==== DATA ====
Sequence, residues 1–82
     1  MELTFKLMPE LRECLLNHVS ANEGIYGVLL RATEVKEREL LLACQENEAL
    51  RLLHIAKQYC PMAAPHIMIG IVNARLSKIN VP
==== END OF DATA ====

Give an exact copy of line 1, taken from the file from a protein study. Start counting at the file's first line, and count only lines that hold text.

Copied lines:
Sequence, residues 1–82